Point of View
A moderate’s plea: More compromise, less confrontation
By Mike Castle ’61
I won my first election — to the Delaware State Legislature in 1966 — not because of any inflexible ideological beliefs but by knocking on doors and asking for support.
Through 14 subsequent successful terms as a Republican state senator, lieutenant governor, governor and U.S. representative from Delaware, my voting record and political ideology were fiscally conservative but otherwise moderate. Most importantly, I have believed in strong but civil debate and intelligent compromise as foundations of democratic government.
In 2010 I ran for the U.S. Senate seat previously held by Vice President Joe Biden. That’s when trouble surfaced. I had always received strong support from independents and Democrats as well as Republicans in Delaware, but now, for only the second time ever, I faced a Republican primary. My opponent was Christine O’Donnell, a candidate with far more conservative credentials than mine. She was part of a very conservative and confrontational movement, usually referred to as the Tea Party, which was coming to the fore and challenging moderate Republican officeholders in primaries; a group called the Tea Party Express decided to support O’Donnell, and the primary campaign quickly became a political drama that reached far beyond the boundaries of the small state of Delaware.
Our early polling showed a substantial lead in both the primary and general election. Then the attacks began. Tea Party Express advertising, backed by open fire from Rush Limbaugh, Sean Hannity and other conservative pundits, brought the hammer down. It worked — sort of. They beat me in the primary, but O’Donnell was trounced in the general election by Democrat Chris Coons. Nationally, the Tea Party and its allies seemed at first glance to have a field day in 2010, both taking out Republican moderates in primaries and supporting Republican winners in a number of House and governors’ races. But their support of right-wing candidates also led ultimately to Senate losses in Delaware, Nevada and Colorado, where polling had indicated that more moderate candidates could win.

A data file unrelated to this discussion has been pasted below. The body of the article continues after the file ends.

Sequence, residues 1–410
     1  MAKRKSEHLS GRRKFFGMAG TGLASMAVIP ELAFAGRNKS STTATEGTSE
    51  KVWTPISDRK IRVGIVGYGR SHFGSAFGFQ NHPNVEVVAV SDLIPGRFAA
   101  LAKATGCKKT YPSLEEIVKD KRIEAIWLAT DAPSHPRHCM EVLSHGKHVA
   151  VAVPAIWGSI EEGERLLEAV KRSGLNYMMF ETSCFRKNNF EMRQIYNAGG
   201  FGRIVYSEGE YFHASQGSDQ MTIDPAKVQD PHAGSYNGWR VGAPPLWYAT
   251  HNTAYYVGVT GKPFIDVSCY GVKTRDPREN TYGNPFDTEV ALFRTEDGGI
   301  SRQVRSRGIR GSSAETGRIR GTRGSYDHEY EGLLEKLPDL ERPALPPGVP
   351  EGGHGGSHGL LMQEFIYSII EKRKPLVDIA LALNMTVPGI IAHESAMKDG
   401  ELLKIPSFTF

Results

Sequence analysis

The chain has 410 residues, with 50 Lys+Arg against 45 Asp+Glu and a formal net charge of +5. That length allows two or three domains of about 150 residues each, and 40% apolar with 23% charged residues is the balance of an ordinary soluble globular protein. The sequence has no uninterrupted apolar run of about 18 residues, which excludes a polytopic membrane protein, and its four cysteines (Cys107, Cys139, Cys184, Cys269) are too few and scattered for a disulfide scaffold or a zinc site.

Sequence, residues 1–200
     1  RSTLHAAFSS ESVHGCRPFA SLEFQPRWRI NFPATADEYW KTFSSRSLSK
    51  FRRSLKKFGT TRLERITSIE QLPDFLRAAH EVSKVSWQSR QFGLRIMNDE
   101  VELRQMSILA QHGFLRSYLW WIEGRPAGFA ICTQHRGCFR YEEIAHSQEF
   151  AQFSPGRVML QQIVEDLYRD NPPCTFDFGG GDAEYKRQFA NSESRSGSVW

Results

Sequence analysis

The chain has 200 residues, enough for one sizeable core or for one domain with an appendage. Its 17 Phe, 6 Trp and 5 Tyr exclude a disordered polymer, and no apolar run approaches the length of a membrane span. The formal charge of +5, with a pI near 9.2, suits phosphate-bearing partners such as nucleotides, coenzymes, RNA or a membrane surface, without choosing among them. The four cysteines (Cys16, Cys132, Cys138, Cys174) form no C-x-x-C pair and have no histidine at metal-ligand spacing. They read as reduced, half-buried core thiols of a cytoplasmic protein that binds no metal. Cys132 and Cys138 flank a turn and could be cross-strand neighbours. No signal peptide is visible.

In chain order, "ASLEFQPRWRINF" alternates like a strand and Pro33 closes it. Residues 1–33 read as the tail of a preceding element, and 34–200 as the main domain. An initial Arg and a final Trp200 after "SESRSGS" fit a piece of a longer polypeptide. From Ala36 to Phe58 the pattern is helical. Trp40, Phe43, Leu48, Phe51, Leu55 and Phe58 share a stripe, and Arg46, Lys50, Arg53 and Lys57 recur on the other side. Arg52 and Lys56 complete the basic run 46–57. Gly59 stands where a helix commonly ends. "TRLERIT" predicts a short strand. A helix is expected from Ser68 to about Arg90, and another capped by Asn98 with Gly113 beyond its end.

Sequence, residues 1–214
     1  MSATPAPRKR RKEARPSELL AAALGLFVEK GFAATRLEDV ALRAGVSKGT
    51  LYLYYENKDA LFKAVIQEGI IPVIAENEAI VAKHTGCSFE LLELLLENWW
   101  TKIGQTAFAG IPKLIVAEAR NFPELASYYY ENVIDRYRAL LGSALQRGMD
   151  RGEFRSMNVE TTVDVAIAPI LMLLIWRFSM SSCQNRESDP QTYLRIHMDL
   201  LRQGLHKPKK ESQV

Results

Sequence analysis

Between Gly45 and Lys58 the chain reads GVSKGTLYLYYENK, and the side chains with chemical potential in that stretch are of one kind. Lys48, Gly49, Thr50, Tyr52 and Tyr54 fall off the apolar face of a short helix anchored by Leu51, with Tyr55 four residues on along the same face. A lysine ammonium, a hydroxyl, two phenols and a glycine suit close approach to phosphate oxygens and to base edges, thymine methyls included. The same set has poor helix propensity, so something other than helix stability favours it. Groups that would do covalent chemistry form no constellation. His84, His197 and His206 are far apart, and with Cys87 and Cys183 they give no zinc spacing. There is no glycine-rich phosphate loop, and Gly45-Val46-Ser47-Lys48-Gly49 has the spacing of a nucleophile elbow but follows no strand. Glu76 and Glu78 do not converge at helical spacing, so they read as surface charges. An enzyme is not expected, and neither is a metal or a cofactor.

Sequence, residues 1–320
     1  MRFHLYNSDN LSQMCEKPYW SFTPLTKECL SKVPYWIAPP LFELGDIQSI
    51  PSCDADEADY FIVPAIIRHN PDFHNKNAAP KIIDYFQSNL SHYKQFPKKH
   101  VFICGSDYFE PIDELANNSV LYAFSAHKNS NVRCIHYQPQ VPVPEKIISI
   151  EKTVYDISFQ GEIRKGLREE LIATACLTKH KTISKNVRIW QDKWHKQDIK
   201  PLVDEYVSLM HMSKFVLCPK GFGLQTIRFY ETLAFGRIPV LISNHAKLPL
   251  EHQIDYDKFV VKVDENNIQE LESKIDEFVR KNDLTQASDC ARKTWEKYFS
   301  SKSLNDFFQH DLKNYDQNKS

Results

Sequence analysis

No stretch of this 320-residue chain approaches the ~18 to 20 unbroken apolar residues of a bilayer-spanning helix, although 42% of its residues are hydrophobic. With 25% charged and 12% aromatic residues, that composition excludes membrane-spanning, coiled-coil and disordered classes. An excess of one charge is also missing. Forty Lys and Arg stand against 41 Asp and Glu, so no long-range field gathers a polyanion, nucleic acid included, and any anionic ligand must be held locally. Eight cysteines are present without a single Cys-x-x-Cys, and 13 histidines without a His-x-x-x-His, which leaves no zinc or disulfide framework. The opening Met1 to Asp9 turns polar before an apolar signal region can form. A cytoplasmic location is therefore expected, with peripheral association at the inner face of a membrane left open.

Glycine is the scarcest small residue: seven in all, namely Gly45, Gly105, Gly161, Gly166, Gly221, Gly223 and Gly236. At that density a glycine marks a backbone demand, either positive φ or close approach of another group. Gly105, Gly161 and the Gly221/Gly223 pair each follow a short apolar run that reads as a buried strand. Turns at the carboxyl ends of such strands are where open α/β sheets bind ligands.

The two years since then have raised concern about the inflexibility of the movement on a number of issues. For example, the spending-reform plan recently put forth by a national committee on fiscal responsibility headed by former Republican Sen. Alan Simpson and former Democratic White House Chief of Staff Erskine Bowles — which asked for a slight increase in some tax brackets but substantial spending reductions by the federal government — was denounced by the Tea Party and most conservative Republicans because it included tax increases. (In fairness, it was also not em- braced by Democrats because of the spending reductions it contained.) Neither side was willing to negotiate or compromise, and so a plan that offered a first step toward balancing the budget and reducing the deficit was left for dead.
Obviously, this movement toward greater extremism orchestrated by the Tea Party and its ilk not only has nearly paralyzed Congress for the last two years; it has had a fundamental impact on the Republican presidential primaries. Mitt Romney, clearly the most moderate of the Republican presidential seekers, has taken positions somewhat farther right than expected in order to appeal to primary voters. Other Republican officeholders and candidates have made statements on abortion and contraception allowing Democrats to claim Republicans are waging a “war on women.” Conservative positions on immigration issues have also divided the party and led to erosion in Hispanic support.
What does all of this hold for November? It is never easy to defeat an incumbent President, even one with a less-than-stellar record, and the divisions in the Republican Party and the move to the right have made this election even more difficult — but not impossible. It will take a lot of healing after a particularly fractious primary season. Odds may seem to favor the re-election of President Obama at the moment, but in the Senate (now 53 Democrats and 47 Republicans), there are many more Democratic incumbents running this cycle and a few open seats. The next Senate may well be closer to 50-50. The House of Representatives should remain in the hands of Republicans.
Regardless of the outcome, though, it is in America’s best interests that elected officials in both parties vigorously debate the issues, but in the end reach compromises that serve the needs of the people and the nation’s future — not political parties or inflexible ideological beliefs.